Over the years I’ve been writing this blog, I’ve watched hundreds of films. Some I’ve praised, some I’ve dismissed. Some films I have found just too tedious to review; they’ve not necessarily been outright atrocious films, just not films I wanted to invest the time and effort in reviewing.
Every now and then, though, especially when I’ve reviewed a film with the aim of warning people off it, someone or the other has asked me to make a list of films I wouldn’t want people to watch.
This is it. My list of ten films that I found so painful, I wouldn’t wish them on my worst enemy (well, perhaps not). They’re all, of course, from before the 1970s.
I must explain here that I have not listed films that were merely boring or predictable (as a lot of films actually end up being); even fairly mundane, humdrum stuff like the B- and C-grade action/thriller films of Dara Singh or NA Ansari may have been rather shoddy cinema, but I’ve found them mostly only a little monotonous, or at the most, unintentionally hilarious. Those are not the films I list here. In this list are not those which I merely found tedious, or not worth watching again: the films on this list are the films I actively hated.
Here we go, then.
1. Ghar ki Laaj (1960)
Why I watched it: Because of Johnny Walker lip-syncing Laila ki ungliyaan bechoon. And, to some extent, because of Sohrab Modi, who starred in this; Sohrab Modi featured in some very watchable films (especially period films), and though he’s rather theatrical, he’s also pretty impressive.
What it’s about: Shobha (Kumkum) returns from studies abroad to find that her elder sister Ranjana (Nirupa Roy) has married the son (Feroz Khan) of a widowed judge (Sohrab Modi). Ranjana’s husband is killed in a car crash and Ranjana refuses to remarry. Soon after, a gossipy neighbour starts insinuating that Ranjana and her father-in-law are having an affair. To scotch the rumour, Ranjana decides to get her sasur remarried. When no other family is willing to give their daughter in marriage to this ageing gent, Shobha steps forward. But her marriage with the judge gets tense very soon, because of Shobha’s jealousy: she starts suspecting Ranjana of having an affair with her husband.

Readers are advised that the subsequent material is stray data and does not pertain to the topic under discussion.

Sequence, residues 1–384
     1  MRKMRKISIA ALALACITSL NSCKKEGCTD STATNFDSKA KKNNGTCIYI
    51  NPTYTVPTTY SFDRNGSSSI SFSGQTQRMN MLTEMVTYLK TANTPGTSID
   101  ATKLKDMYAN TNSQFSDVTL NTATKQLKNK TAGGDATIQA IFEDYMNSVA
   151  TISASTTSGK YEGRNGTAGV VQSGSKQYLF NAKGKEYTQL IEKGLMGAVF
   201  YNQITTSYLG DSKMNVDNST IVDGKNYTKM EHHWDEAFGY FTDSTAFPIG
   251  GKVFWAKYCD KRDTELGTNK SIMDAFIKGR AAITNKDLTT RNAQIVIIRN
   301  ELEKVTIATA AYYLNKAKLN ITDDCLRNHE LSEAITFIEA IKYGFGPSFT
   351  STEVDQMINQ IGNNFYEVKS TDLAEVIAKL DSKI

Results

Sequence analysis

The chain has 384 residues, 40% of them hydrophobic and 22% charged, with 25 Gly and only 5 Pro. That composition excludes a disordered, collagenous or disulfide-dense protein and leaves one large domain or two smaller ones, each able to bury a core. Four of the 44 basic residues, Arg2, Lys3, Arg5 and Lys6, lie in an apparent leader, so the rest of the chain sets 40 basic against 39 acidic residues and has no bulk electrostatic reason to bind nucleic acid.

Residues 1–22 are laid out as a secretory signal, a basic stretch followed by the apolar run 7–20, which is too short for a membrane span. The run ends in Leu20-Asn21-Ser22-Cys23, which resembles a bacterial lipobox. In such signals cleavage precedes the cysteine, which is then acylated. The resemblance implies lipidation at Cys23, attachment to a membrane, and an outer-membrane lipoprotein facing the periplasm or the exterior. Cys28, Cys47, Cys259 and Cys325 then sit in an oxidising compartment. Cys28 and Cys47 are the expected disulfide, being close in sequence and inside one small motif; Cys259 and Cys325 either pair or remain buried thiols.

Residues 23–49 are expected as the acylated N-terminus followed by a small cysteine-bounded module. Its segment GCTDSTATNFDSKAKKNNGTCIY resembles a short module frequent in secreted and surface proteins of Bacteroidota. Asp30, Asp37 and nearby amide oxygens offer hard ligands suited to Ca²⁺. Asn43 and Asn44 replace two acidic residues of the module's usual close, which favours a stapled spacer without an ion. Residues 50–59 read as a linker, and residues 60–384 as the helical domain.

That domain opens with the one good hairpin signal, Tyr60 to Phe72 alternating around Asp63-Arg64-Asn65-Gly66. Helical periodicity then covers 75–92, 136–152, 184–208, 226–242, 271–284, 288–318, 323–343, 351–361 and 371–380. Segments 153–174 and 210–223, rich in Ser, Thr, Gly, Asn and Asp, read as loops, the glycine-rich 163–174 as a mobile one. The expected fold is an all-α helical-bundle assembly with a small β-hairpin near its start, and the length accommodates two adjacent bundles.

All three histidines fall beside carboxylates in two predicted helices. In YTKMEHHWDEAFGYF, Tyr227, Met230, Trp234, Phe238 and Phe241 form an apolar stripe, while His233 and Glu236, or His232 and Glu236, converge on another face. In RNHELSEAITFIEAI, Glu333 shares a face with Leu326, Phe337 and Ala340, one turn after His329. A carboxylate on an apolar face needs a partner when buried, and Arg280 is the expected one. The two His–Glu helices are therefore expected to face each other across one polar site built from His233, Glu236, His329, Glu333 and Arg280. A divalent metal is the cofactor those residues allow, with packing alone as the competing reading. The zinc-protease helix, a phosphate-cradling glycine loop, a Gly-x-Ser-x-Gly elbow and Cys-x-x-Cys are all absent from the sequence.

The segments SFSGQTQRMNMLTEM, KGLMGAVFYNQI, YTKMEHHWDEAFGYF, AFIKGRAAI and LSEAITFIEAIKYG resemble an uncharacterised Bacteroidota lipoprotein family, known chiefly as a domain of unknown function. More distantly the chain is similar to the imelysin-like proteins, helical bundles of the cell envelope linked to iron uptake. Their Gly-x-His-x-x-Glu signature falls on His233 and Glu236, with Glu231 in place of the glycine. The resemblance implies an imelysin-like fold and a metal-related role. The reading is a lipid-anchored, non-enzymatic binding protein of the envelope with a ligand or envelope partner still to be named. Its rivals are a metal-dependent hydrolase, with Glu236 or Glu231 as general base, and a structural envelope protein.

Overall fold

Why I hated it: Because it is so disgusting in its unstinted support of patriarchy. That a young, well-educated woman should happily volunteer to marry a man old enough to be her grandfather (or at least fairly elderly father) is bad enough, but that not a single person in the entire film should oppose this or even question it: unforgiveable. Of course, the widowed bahu must die in the course of redeeming herself (and that too at the feet of a life-size plaster of Paris mannequin of her dead husband)… ugh. And Kumkum as Sohrab Modi’s possessive wife, the mother of his baby. Icky.
I have seen other films about marriages of convenience between people of discordant ages (Gumraah, Ek Chaadar Maili Si, Swami, etc) but none have left me feeling as nauseated as this one did, because it’s just so badly done.
2. Bewaqoof (1960)
Why I watched it: Because of SD Burman’s music, which includes some superb songs, like Michael hai toh cycle hai and Tu jaam liye jaa. Also, because it was written and directed by IS Johar, who also wrote and/or directed some great comedies, like Hum Sab Chor Hain, Ek Thi Ladki, and Dholak.
What it’s about: When the wealthy and ‘respectable’ Rai Bahadur (Bipin Gupta) is told by his obstinate mistress, a tawaif, that she is pregnant and he must accept her baby as his own, the Rai Bahadur baulks. He comes up with a solution: switch this illegitimate baby with his wife’s newborn, also born in the same hospital, the same day. The woman employed to do the switch, however, has an overactive conscience. Lots happens, the babies aren’t switched, but everybody believes they are switched. Rai Bahadur’s legitimate son Kishore (Kishore Kumar) is rebuffed by his father, who thinks he’s the tawaif’s son, while the father showers all his affection on Pran (Pran), whom he believes to be his legitimate son.
Many complications, and the enmity between the grown-up Pran and Kishore is exacerbated when Pran commits a murder and Kishore is arrested for it.